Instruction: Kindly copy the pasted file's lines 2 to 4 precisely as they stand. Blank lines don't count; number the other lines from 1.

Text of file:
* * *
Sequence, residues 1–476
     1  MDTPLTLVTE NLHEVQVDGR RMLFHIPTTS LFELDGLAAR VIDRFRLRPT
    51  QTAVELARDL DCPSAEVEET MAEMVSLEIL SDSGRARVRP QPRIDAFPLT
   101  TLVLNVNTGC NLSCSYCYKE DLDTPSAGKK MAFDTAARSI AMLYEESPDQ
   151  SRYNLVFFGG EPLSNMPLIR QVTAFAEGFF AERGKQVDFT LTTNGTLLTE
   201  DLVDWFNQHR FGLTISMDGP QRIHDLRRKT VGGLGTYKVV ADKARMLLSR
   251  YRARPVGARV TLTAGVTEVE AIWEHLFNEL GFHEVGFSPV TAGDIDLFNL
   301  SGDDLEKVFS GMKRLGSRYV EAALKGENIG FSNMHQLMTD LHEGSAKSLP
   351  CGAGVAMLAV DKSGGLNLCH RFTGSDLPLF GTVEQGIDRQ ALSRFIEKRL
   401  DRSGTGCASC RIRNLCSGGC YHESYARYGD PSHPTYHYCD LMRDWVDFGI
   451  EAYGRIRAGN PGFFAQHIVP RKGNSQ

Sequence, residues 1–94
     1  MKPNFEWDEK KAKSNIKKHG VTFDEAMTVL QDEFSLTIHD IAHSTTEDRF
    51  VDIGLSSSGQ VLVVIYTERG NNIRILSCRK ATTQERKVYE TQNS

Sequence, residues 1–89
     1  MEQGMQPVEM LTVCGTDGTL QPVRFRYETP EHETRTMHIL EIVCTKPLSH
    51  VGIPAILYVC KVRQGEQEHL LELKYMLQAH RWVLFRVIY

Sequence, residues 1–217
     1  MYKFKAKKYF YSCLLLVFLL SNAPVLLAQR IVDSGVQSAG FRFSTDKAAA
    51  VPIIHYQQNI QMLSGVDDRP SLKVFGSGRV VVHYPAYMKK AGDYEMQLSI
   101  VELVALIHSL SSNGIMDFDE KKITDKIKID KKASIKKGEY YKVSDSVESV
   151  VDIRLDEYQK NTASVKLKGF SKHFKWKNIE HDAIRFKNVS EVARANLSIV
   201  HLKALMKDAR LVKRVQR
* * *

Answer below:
     1  MDTPLTLVTE NLHEVQVDGR RMLFHIPTTS LFELDGLAAR VIDRFRLRPT
    51  QTAVELARDL DCPSAEVEET MAEMVSLEIL SDSGRARVRP QPRIDAFPLT
   101  TLVLNVNTGC NLSCSYCYKE DLDTPSAGKK MAFDTAARSI AMLYEESPDQ